by Jarrett Hoffman
On Ars Futura’s upcoming program, one of the pieces, entitled Broccoli September, received its premiere last month, but Shuai Wang said she didn’t go — composer Jeremy Allen told her she wasn’t allowed. “The piece specifically instructs the performers not to talk or meet or practice together for it. So when we play it on the 23rd, it will be the first time for all of us. I love the concept of it because it’s all about trust. Our trusting Jeremy, his trusting us, our trusting each other as performers, and trusting the audience as listeners.”
On Monday, March 23 at 7:30 pm at the BOP STOP, Ars Futura will continue the 2015 edition of NEOSonicFest with a program of works by Lou Harrison, Olivier Messiaen, Robert Paterson, Jeremy Allen, Keith Fitch, and Mario Davidovsky. Ars Futura pianist and director Shuai Wang, who played with the Cleveland Chamber Symphony for last year’s NEOSonicFest, talked with us by phone, telling us first about the group’s program for Monday.
“I first thought about the repertoire considering the space we’ll be in: the BOP STOP,” she said. “I’ve been there many times, back when it was a jazz club. The ambience is so cool, so relaxed, so cozy. In some ways I picked the program to balance with the space.”
Besides Allen’s Broccoli September — a title we laughed about (“the catchy name is very typical of him,” she said) — unpredictability plays an important part in another piece on the program: Messiaen’s Le Merle Noir (re-visited). But why ‘re-visited’?
“Maddie [flutist Madeline Lucas Toliver] and I have played many, many years together, and we have actually performed this piece in the past and have really absorbed it. So we decided that this time we wanted to expand on the idea of it. Not change the piece, you see, but we’re going to experiment with it in the form of some improvisation between flute and piano. It will still be within the pitch atmosphere of the work, but with a little bit of our own understanding of it and our feelings about it.”
Another factor in the program is the addition of a sixth performer to Ars Futura’s usual mix of five (piano, flute, clarinet, violin, cello). “We have percussionist Luke Rinderknecht this season, and I really love his playing. He’ll be featured in the Davidovsky sextet, Flashbacks, our closer. I’m not even sure how many instruments Luke has to play in it — I’m going to guess fifteen. It’s a massive setup, and he’ll be dancing around in his circle. We’ve spent a lot of time as a group on this piece — I want to say over twenty hours, with a lot of late-night rehearsals — but in the end it’s a great feeling to play it. We performed it at our last concert at Cleveland State, and we thought it deserved to be played again.”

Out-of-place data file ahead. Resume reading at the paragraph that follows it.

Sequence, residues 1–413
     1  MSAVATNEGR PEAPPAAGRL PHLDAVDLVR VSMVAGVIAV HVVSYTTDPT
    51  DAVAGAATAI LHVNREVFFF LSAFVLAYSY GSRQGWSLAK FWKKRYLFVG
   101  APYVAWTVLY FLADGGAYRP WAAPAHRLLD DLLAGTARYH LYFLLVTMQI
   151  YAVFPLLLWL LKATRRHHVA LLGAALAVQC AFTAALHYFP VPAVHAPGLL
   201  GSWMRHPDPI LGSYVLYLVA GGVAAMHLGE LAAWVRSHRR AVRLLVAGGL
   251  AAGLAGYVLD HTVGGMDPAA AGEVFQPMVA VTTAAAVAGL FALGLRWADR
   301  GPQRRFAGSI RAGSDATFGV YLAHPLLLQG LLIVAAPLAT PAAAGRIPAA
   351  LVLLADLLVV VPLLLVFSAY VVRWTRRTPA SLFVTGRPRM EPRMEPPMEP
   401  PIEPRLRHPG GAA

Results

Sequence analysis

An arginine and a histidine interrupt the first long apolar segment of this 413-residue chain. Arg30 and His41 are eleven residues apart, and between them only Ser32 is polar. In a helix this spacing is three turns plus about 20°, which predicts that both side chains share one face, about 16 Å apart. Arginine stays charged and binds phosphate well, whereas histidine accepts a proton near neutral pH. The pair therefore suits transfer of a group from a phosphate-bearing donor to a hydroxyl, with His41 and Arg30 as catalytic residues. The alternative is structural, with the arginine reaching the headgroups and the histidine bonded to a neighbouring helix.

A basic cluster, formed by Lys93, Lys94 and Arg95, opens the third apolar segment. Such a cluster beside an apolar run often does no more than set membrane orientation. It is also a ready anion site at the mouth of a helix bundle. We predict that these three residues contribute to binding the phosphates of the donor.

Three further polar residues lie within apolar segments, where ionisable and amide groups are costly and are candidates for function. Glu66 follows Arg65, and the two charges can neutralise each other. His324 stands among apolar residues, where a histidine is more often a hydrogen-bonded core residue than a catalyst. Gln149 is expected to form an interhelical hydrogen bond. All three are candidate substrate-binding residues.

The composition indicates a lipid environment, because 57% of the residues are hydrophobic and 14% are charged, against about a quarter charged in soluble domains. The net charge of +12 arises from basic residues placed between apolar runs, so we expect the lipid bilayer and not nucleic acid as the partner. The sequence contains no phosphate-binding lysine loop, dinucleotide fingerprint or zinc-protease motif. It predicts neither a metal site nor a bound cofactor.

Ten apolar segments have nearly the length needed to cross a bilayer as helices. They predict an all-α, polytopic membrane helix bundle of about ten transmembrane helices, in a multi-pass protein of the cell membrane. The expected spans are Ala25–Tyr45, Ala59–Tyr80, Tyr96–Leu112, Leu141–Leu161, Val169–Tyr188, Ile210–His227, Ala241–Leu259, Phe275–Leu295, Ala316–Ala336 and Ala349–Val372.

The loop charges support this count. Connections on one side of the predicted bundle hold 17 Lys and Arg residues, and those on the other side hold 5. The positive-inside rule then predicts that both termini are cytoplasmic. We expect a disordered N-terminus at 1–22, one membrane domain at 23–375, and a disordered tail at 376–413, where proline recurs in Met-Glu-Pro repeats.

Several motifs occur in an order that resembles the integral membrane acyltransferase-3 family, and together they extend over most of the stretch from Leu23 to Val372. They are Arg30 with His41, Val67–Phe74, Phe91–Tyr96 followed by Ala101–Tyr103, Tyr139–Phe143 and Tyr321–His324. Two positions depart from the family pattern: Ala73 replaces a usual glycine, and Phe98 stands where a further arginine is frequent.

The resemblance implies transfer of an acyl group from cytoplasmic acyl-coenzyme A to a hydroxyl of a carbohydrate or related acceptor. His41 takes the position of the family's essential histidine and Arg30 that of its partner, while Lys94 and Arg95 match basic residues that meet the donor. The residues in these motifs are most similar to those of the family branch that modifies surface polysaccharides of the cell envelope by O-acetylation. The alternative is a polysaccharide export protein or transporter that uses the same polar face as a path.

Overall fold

The addition of Rinderknecht will also allow Ars Futura to perform Lou Harrison’s Varied Trio. “It’s a five-movement work. In the first Luke plays very mellow vibraphones. Then in the second movement he plays rice bowls, which is really cool, and in other movements, baking pans.”
Robert Paterson’s Star Crossing will follow the Harrison and Messiaen. The composer described the piece in his program note as “my attempt to impart the sensation of what I think it might feel like to travel through the galaxy, and to give the feeling, through sound, of staring up at the star-filled sky on a quiet, clear night.” Wang talked about some of the composer’s section titles, with descriptive names like ‘galaxy section,’ ‘chimes of starlight,’ and ‘space turbulence.’ Another interesting direction above the piano part at one point reads, ‘ultra staccato and jerky-sounding, like the broken gears of a poorly-constructed spaceship.’
Wang described his style as easy on the ear. “It’s harmonious at times, but with very cool rhythmic interjections. It’s a really fun piece to play and to listen to. I think this will also be its Cleveland premiere.”
Wang said that Keith Fitch’s Come soon, come soon, like the Davidovsky, has required great discipline and lots of rehearsal from the group. “Dr. Fitch is our colleague, friend, mentor — and almost our buddy,” said Wang, laughing. “I played a lot under him with the New Music Ensemble while I was in school at CIM. This piece makes you work really hard, but after you’ve practiced a great deal together, it just comes alive. It’s been a really satisfying experience every time I’ve played his pieces.”
Wrapping up our conversation, Wang, who founded Ars Futura and co-founded Classical Revolution Cleveland, talked about how she got into music entrepreneurship. “CRC started back in 2009. I was in the middle of my DMA studies at CIM. I lived on the West Side of Cleveland, and in some ways it felt like people from there were left out. The East Side was like a faraway land. I wanted good chamber music for those people who don’t have the time or the luxury of extra cash to go to things like Cleveland Orchestra concerts. I wanted to bring people together.
“We started at the Barking Spider — just gathering with colleagues, whoever would show up, and playing chamber music. I talked to some people, and one day the owner of the Happy Dog called me. From there, it just grew. I really wanted to do more for people because everybody who came expressed such great appreciation. It made me feel so great, even though it was a lot of work, actually. You know, after going to school for so many years, you start to question what it is you actually want to do. But with this, every time it was awesome, like, ‘this is exactly what I want to do.’”
Published on ClevelandClassical.com March 20, 2015.
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